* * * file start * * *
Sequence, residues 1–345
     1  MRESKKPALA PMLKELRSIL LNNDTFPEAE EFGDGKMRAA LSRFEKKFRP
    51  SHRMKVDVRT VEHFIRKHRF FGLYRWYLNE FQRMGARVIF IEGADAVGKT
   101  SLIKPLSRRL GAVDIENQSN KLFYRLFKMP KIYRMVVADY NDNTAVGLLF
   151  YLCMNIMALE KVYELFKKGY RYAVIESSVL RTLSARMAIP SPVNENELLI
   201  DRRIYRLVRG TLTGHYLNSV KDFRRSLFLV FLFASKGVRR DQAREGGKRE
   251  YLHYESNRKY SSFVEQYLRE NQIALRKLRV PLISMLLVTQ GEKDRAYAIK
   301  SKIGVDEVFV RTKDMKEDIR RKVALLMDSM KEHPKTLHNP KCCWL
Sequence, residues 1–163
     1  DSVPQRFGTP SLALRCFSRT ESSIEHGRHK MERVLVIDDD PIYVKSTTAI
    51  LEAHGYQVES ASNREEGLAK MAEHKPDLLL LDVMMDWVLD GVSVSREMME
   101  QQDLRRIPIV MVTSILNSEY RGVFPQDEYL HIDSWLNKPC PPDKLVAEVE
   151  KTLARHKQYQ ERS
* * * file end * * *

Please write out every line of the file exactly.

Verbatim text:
Sequence, residues 1–345
     1  MRESKKPALA PMLKELRSIL LNNDTFPEAE EFGDGKMRAA LSRFEKKFRP
    51  SHRMKVDVRT VEHFIRKHRF FGLYRWYLNE FQRMGARVIF IEGADAVGKT
   101  SLIKPLSRRL GAVDIENQSN KLFYRLFKMP KIYRMVVADY NDNTAVGLLF
   151  YLCMNIMALE KVYELFKKGY RYAVIESSVL RTLSARMAIP SPVNENELLI
   201  DRRIYRLVRG TLTGHYLNSV KDFRRSLFLV FLFASKGVRR DQAREGGKRE
   251  YLHYESNRKY SSFVEQYLRE NQIALRKLRV PLISMLLVTQ GEKDRAYAIK
   301  SKIGVDEVFV RTKDMKEDIR RKVALLMDSM KEHPKTLHNP KCCWL
Sequence, residues 1–163
     1  DSVPQRFGTP SLALRCFSRT ESSIEHGRHK MERVLVIDDD PIYVKSTTAI
    51  LEAHGYQVES ASNREEGLAK MAEHKPDLLL LDVMMDWVLD GVSVSREMME
   101  QQDLRRIPIV MVTSILNSEY RGVFPQDEYL HIDSWLNKPC PPDKLVAEVE
   151  KTLARHKQYQ ERS